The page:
We do it for survival, for comfort, for pleasure. We eat. It’s vital part of life; it’s a routine part of life.
Imagine, however, that feeding your baby doesn’t help him grow or thrive at all. Instead, it does the opposite: it makes him sick. Suppose the sustenance you offer through a bottle or a baby spoon acts as a foreign invader in your baby’s body? And no one, not even medical specialists, can tell you exactly why.
That’s what happened to Abbie and Buzzi Shindler of Scottsdale soon after they became parents. Brayden Shindler, who will turn 2 on Valentine’s Day, has been diagnosed with eosinophilic disease, a rare immune disorder in which the body fights against food by forming white blood cells in the esophagus. Through dogged persistence and great love, Abbie and Buzzi searched for, and found, the help their son needed. Now, they are determined to help others by creating awareness about this disease.
Vicki: Did Brayden show symptoms right from the beginning?
Abbie: As a very young baby he never spit up, but he was always coughing and choking, and he had bad skin rashes. He did fine on breast milk, and other than those physical symptoms, he seemed okay. It wasn’t until we introduced him to solid foods that he began showing more symptoms.
Buzzi: It was around the six-month mark that Abbie and I decided that in addition to the breast milk we were going to start introducing formula, and that was going to facilitate Abbie’s transition back to the professional world.
Vicki: And with the changes in diet, the symptoms changed as well?
Abbie: We did the typical—kept him on a certain food for a few days. He would ultimately start projectile vomiting to the point where he would become dehydrated and end up in the hospital. We thought maybe organic foods might help, so we tried that as well. It didn’t really seem to make a difference.
Buzzi: We tried a number of different formulas. I remember Abbie and I having a lot of faith that each would resolve the issue—only to find him in a position where he would be projectile vomiting yet again.
Abbie: It was even more frustrating because Brayden loved to eat. He would vomit 20 or so times in 24 hours and he would loose three pounds overnight. For a 15-pound baby, that’s a lot of weight to lose.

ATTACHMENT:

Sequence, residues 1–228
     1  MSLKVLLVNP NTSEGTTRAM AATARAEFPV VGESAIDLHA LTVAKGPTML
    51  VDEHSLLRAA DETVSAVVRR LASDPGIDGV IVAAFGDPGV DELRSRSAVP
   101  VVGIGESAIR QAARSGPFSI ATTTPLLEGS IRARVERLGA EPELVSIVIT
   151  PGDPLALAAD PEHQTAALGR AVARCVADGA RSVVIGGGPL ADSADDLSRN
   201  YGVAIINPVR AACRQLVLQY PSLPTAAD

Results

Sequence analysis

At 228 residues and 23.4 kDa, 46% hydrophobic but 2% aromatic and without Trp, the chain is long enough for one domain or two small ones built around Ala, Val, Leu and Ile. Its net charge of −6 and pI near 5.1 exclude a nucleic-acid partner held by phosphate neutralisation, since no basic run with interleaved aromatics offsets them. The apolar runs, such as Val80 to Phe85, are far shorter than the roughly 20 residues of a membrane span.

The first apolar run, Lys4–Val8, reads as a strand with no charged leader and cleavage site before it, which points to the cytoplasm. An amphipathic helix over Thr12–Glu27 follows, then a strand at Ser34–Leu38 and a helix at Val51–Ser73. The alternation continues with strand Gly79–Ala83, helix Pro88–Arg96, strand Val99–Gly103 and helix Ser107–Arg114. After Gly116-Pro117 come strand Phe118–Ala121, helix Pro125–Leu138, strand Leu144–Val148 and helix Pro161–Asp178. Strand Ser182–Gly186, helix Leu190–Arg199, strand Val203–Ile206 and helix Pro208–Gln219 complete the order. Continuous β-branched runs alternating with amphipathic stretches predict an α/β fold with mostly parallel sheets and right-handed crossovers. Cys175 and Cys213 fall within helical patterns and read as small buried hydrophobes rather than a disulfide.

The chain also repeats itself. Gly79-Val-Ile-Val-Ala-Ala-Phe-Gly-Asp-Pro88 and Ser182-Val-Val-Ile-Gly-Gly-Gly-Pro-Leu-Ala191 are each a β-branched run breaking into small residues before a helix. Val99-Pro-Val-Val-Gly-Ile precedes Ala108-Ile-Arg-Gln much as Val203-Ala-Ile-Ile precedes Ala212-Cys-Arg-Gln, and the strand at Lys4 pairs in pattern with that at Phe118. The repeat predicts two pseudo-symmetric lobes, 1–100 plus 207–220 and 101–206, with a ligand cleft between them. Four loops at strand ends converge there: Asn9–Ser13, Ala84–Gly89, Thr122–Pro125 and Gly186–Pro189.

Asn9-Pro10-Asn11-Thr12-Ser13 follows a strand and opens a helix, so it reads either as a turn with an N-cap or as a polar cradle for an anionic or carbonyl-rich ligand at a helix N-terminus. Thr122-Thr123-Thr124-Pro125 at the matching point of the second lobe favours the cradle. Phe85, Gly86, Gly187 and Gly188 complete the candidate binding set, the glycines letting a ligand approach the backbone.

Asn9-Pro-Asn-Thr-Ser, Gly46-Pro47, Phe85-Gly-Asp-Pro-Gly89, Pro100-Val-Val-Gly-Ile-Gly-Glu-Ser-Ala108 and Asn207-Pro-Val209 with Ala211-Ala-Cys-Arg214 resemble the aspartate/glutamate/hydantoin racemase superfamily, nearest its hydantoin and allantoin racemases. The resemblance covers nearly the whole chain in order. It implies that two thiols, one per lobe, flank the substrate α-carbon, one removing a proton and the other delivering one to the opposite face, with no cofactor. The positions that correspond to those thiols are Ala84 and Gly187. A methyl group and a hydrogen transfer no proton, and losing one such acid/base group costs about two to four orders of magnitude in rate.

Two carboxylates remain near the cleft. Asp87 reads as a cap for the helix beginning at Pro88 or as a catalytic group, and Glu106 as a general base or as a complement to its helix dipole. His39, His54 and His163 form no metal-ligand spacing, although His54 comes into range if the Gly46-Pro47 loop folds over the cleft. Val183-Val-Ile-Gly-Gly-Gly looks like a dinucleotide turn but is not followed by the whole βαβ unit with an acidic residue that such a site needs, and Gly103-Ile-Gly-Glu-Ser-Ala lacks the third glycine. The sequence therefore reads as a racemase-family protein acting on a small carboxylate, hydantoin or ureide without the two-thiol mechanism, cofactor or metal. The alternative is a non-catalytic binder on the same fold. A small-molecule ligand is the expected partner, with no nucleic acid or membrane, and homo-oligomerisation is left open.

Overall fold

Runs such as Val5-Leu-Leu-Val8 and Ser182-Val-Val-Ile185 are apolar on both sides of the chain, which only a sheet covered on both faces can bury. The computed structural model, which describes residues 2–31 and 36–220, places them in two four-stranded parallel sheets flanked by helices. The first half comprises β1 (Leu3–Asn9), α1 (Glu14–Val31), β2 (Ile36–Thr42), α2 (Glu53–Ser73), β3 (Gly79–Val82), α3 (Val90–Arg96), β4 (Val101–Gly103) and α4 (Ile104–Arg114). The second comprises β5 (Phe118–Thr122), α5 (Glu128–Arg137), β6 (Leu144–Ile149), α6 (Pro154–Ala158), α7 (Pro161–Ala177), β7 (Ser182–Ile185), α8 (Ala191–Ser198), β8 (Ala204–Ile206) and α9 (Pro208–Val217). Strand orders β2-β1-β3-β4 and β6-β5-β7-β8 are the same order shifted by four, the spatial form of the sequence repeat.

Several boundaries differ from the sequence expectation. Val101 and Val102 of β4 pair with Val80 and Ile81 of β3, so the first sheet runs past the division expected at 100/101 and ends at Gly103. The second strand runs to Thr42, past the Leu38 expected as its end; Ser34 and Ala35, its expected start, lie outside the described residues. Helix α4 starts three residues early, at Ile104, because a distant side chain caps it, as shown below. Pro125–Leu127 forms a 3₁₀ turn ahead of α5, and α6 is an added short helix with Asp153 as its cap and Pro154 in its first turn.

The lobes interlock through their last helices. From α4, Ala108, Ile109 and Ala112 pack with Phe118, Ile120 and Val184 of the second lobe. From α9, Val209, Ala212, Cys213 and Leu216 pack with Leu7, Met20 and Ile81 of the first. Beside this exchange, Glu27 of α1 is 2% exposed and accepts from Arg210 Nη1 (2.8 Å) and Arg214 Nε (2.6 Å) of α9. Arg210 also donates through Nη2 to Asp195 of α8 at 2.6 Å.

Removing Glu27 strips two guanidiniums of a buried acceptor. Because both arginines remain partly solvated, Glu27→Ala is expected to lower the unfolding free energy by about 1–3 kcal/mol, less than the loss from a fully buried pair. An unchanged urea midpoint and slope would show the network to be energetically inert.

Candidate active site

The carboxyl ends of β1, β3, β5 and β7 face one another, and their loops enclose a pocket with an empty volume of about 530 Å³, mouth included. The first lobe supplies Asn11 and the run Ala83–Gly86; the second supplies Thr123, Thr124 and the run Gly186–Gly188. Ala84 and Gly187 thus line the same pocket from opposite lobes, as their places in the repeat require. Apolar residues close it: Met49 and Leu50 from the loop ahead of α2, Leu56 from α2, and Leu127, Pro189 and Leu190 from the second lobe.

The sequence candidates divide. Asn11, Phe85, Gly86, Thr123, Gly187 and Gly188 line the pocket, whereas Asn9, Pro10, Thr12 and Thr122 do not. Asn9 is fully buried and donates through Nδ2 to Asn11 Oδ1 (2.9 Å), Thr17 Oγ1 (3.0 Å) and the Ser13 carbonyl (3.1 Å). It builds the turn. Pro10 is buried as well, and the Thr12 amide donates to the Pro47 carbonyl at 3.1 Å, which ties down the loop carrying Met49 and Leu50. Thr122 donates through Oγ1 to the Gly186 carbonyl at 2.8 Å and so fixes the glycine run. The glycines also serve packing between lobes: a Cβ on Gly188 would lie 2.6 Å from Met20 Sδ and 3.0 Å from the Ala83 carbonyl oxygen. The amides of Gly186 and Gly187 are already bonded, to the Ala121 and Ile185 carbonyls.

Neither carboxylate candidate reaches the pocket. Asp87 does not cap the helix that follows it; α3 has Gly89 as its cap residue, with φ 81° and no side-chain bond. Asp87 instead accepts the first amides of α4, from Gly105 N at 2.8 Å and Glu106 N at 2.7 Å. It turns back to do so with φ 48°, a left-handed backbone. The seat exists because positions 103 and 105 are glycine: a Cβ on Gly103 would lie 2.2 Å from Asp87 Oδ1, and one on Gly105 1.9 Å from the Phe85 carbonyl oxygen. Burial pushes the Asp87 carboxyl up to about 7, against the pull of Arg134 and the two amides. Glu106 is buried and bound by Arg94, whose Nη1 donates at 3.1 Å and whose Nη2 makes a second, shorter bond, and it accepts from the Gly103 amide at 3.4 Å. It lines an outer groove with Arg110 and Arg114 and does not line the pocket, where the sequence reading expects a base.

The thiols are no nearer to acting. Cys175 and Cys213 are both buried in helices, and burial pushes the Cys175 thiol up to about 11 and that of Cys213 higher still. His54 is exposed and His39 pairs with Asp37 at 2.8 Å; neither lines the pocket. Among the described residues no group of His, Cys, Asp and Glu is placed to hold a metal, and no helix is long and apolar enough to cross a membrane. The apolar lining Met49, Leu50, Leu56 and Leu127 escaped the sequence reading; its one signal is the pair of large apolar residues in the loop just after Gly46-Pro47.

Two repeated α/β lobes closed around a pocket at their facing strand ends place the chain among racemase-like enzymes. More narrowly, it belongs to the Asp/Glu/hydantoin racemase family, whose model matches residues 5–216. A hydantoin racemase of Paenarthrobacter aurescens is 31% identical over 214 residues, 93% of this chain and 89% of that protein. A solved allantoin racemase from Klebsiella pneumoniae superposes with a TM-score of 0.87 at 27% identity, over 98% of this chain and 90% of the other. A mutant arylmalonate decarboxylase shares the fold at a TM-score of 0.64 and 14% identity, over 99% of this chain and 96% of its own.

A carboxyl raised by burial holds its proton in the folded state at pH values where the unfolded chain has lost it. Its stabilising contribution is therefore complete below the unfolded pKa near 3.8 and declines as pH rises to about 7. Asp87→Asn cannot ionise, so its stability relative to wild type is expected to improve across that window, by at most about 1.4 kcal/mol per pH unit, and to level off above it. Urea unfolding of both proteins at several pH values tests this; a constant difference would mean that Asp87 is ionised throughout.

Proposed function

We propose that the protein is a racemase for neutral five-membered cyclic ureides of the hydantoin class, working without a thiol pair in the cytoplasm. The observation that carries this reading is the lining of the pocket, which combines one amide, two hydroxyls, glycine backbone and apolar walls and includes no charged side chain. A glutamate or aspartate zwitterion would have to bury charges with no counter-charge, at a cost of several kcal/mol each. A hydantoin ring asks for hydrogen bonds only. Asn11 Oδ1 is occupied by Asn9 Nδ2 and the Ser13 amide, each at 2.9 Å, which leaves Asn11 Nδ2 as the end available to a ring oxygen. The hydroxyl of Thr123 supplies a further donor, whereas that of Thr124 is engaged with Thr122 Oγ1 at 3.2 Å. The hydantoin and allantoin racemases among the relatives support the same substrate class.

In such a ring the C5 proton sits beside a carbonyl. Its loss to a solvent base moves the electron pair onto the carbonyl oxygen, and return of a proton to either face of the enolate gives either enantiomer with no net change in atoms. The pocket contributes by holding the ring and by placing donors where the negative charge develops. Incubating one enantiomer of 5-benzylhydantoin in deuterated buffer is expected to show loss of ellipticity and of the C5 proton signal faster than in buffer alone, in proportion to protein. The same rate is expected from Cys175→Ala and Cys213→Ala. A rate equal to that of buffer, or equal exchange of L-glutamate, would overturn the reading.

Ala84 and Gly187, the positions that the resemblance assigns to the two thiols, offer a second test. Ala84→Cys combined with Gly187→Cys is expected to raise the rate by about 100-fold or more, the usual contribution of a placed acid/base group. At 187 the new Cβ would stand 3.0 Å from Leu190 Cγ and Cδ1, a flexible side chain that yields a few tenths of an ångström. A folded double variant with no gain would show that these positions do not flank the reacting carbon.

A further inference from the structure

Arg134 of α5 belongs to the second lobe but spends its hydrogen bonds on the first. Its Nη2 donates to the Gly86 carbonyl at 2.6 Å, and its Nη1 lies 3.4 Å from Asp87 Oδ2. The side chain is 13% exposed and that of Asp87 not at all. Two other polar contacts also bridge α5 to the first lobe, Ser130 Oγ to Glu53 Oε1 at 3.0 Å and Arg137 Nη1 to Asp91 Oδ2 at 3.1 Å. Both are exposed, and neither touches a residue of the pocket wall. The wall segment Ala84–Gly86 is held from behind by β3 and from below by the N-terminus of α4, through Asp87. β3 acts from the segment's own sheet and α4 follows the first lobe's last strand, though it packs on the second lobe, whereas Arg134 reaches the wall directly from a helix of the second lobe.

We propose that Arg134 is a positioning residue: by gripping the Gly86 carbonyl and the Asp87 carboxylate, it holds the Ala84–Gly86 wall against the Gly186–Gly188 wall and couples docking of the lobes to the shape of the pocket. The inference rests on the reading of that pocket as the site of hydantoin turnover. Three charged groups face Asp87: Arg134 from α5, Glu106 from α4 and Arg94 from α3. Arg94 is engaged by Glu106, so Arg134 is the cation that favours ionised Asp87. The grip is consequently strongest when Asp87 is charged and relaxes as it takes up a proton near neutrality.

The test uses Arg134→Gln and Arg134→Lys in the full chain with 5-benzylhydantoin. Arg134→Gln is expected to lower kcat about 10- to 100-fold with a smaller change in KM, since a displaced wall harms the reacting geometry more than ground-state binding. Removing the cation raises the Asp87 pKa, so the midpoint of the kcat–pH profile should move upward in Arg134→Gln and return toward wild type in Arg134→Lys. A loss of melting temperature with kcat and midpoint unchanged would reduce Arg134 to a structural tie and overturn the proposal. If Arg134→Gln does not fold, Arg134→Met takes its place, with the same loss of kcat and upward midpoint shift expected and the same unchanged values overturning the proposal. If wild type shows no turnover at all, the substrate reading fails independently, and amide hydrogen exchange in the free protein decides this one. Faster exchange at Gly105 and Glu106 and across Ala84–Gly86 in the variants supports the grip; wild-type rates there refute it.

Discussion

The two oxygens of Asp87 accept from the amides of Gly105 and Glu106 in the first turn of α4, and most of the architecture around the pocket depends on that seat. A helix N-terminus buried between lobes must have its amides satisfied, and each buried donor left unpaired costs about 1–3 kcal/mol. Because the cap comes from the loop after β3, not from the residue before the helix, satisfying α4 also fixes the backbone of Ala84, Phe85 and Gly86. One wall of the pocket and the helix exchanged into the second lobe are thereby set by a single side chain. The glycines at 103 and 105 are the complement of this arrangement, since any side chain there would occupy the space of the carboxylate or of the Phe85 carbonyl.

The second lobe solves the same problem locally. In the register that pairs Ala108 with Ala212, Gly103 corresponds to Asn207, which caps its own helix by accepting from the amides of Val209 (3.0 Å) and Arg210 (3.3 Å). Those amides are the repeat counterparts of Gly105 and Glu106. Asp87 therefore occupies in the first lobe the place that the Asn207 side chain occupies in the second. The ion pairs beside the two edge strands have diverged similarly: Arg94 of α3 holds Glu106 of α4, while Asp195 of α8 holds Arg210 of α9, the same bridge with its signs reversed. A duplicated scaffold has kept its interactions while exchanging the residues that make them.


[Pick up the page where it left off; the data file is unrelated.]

Vicki: How did you discover the reason behind why he was so sick?
Abbie: At first he was diagnosed with reflux. But the reflux medications weren’t helping Brayden. My husband and I just were persistent with the doctors. We kept telling them that something else was wrong. We did research on the Internet. And then we learned that someone I work with has a cousin who has what Brayden has. I called our pediatrician to ask, and she said it was a possibility. At the time, I couldn’t even pronounce eosinophilic esophagitis and eosinophilic gastritis.
Buzzi: It was Halloween of 2007 when Brayden had his first endoscopy and biopsy. Ultimately, the results came back confirming eosinophilic esophagitis and eosinophilic gastritis.
Abbie: It was still an ongoing struggle. You can do patch testing to try to give you a guide as to just how allergic a child is to a certain food. However, some children don’t test positive. The only way you can tell is by giving them the food. For that reason, you feel like you are intentionally making them sick. That’s a tough feeling.
Vicki: What are you feeding him now, and how is he doing?
Abbie: We made an appointment at Cincinnati Children’s Hospital, where doctors do research on these disorders. Their recommendation was to keep Brayden off solid foods until his second birthday. This would give Brayden the opportunity to go into remission. But there is no guarantee.
Buzzi: The formula Brayden is on is made up of amino acids—proteins broken down. His body is able to digest that. Without this elemental formula, quite frankly, Brayden wouldn’t be able to survive.
Abbie: Since he’s been on the formula, he’s gone up in the growth charts.
Vicki: What have you learned over the past year of fighting for Brayden’s health that you’d like to pass on to others?
Buzzi: From the medical side, it is very important to have a great rapport with a strong pediatrician that you feel confident in. And, of course, making sure that family and friends are a part of what you are doing.
Abbie: You need to pay attention to the signs your child is giving you. You need to listen to what your heart is telling you, not always just what your child is being diagnosed with. In your gut, you know what is right. RAK